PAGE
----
It is a joint venture with the Hampshire County Council, Hampshire & Isle of Wight Wildlife Trust and the New Forest National Park to celebrate the wildlife of the marshes between Lymington and Keyhaven. There will be a range of local conservation groups present and a range of walks, bird ringing, a seashore search, birdwatching, activities, light refreshments and much more. If you have never been to the reserve or have but would like to find out more come along, all the details are in the link.

Talking of events I will also flag up that on the following Sunday, the 24th September we will be hosting the Bird Trail Event at Blashford. This is aimed at young birdwatchers and there will be a number of teams going around the reserve that day, so the hides will be very busy and I would suggest that regular visitors might like to give us a miss that day. The event is jointly organised between the Wildlife Trust and Hampshire Ornithological Society part of our goal of bringing on the next generation of wildlife enthusiasts. As well as using the hides the area around the Centre will be busy with other activities.

Coastal Bird and Wildlife Spotting

Yesterday was a great wildlife spotting day. On opening up Tern Hide, a male Goldeneye was clearly visible on Ibsley Water and this was soon followed by views of an otter on the far side of Ivy Silt Pond, a first for me at Blashford and a great start to the day.

It was then time to head over to Keyhaven Marshes with our Young Naturalists, on our first outing from Blashford Lakes.

minibus

Young Naturalists on our first outing to Keyhaven, raring to go on a great bird spotting adventure

We got off to a great start, with views of a juvenile marsh harrier from the car park and even better views once we had started walking of it hunting over the reed bed. We also watched a fox making its way through scrub and grassland, disturbing the birds as it got closer to them.

group

In total, we clocked a grand figure of 74 different species, including a great white egret, 2 Dartford warbler, a peregrine, a ruff, Mediterranean gull, eider and red-breasted merganser. A number of species were present in large flocks, such as golden plover, knot, dunlin, wigeon, teal, black-tailed godwit and lapwing. The bird spot of the day though had to go to Jackson, who spotted 3 spoonbill flying over. We kept our eyes peeled for them as we carried on walking and had distant views of them feeding out on the salt marsh.

The find that excited the group the most however, was this dead juvenile Brent goose, close enough to the footpath for Bob to reach so we could take a closer look. On close inspection it appeared to have perished from natural causes as there were no obvious signs of predation. The bird would likely have hatched somewhere on the Taymyr peninsula, in northern Siberia, making the long journey here to overwinter on our warmer shores. Whilst many do survive the journey, this goose had a somewhat sadder ending!

Thanks to Bob for joining us for the day and providing a wealth of local site and bird watching knowledge, and to Nigel for driving the minibus.

hurst-castle

Hurst Castle with the Isle of Wight behind

 

Down by the Seaside

I was at Keyhaven Nature Reserve today with the Blashford Young Naturalists on a birdwatching trip. We saw over 70 species including a juvenile marsh harrier, a great white egret, 2 Dartford warbler, a peregrine, a ruff and 3 spoonbill, altogether a very good selection of birds. Not only did we see a lot of species but also a lot of birds, with many species in hundreds, with large flocks of golden plover, knot, dunlin, wigeon, teal, black-tailed godwit and lapwing.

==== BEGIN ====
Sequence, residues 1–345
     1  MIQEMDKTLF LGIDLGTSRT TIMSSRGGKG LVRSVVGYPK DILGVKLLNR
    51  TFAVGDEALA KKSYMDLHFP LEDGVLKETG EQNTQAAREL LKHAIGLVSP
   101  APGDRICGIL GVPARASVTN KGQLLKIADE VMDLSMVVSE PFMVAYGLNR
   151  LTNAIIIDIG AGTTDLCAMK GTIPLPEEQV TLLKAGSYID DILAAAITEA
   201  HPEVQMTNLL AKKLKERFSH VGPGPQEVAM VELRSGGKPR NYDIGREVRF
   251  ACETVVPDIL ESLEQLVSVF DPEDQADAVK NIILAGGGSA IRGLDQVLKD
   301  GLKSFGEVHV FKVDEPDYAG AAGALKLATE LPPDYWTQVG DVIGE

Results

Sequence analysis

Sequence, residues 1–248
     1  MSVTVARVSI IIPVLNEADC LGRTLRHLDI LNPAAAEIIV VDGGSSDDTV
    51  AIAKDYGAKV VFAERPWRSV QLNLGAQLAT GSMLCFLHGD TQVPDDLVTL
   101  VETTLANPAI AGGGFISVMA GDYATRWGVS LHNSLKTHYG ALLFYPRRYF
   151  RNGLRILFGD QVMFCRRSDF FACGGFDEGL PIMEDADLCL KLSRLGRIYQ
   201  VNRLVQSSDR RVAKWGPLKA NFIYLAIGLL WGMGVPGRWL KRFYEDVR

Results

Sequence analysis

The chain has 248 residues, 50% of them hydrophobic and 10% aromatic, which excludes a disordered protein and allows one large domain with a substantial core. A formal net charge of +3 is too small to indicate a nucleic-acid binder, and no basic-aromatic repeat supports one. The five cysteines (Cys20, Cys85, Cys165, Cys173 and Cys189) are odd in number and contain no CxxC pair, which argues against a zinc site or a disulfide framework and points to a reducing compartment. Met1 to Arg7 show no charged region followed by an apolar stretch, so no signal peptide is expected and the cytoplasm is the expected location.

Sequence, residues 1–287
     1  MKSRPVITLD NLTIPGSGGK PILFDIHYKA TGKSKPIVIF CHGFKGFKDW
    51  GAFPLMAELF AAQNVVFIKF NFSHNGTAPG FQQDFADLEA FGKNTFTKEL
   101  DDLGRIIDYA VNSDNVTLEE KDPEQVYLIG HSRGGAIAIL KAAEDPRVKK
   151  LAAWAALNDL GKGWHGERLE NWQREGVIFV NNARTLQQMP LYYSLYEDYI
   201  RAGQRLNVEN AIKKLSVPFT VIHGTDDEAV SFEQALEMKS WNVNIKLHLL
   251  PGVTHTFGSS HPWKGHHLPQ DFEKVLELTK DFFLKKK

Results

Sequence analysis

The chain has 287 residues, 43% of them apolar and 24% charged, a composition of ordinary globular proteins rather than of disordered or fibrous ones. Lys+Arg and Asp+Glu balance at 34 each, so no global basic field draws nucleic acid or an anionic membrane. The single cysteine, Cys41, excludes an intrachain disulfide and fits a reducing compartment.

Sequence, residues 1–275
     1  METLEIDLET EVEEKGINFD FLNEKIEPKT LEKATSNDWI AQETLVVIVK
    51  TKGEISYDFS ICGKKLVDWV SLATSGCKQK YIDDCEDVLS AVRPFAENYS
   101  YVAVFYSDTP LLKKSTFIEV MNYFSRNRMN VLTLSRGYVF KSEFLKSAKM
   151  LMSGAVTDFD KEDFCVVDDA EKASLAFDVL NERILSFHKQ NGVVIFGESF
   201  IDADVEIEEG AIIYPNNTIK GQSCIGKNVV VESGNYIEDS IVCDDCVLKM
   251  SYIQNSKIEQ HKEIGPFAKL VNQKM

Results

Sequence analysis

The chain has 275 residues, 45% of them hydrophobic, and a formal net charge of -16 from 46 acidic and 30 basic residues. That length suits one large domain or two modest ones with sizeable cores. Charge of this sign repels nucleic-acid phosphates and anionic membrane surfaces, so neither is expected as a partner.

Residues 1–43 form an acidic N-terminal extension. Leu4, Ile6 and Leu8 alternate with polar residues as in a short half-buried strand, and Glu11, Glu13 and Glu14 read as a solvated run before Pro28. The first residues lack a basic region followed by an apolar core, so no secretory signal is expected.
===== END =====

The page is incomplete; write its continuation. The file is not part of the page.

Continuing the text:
I was a keen birdwatcher at the same age as our Young Naturalists and the day’s outing made me reflect upon the changes in our birdlife in that time. Several species we saw such as marsh harrier, spoonbill, Mediterranean gull and little egret would have been very rare highlights of any day and the idea of seeing a mega-rarity like great white egret quite fantastic. At their age I had seen a single marsh harrier but all the others were just images in the bird book.

Of course there were a few species that we would have seen then that we did not see today, birds like grey partridge and yellowhammer which were once common all over the place are now very local and largely lost from the Hampshire coast.

Things have probably always been changing more that we think, but there seems good evidence that the rate of change is accelerating. There could be several reasons for this, climate change, habitat change and the effects of active wildlife protection to suggest but a few. Possibly the rate of change is due to the interactions between these several factors all going on together. If any of our Young Naturalists keep their interest for a lifetime I wonder what they will be seeing (and not seeing) in another fifty years?

A Day by The Sea

On Sunday I spent the day at the Lymington and Keyhaven Nature Reserve open day. This annual event is run jointly by the Wildlife Trust, Hampshire County Council and the New Forest National Park. The marshes are famous for their wildlife and have been nature reserves for many years. The grazed marshes and fields are a county council owned reserve and the saltmarshes outside the seawall are a Hampshire and Isle of Wight Wildlife Trust reserve, together making a huge protected area.

Reserve Open Day

Reserve Open Day

The Open Day gives us a chance to promote the protection of the area with local people, many of whom walk around the reserve regularly without necessarily knowing just how important they are for wildlife. As usual there was a good turn out of local conservation groups, a range of walks and activities for younger visitors.

Bird ringing demonstrations are always popular and if you can catch a kingfisher to show people, all the more so!

kingfisher

kingfisher

I actually spent most of the day manning a telescope set up overlooking Normandy lagoon, allowing people to see a wide range of birds. In total we saw 58 species from the one spot during the day. It would have been a good few more if the wind had not got up making smaller birds stay low and out of sight. Species we did see ranged from little stint and curlew sandpiper to yellow wagtail, gannet and wheatear. I saw every species but one, and this was the bird of the day, a marsh harrier which flew over when I went to get a cup of tea! Perhaps the most unexpected sighting was a common seal that spent several hours just off the seawall and was seen by most who stopped to look.

Normandy Lagoon

Normandy Lagoon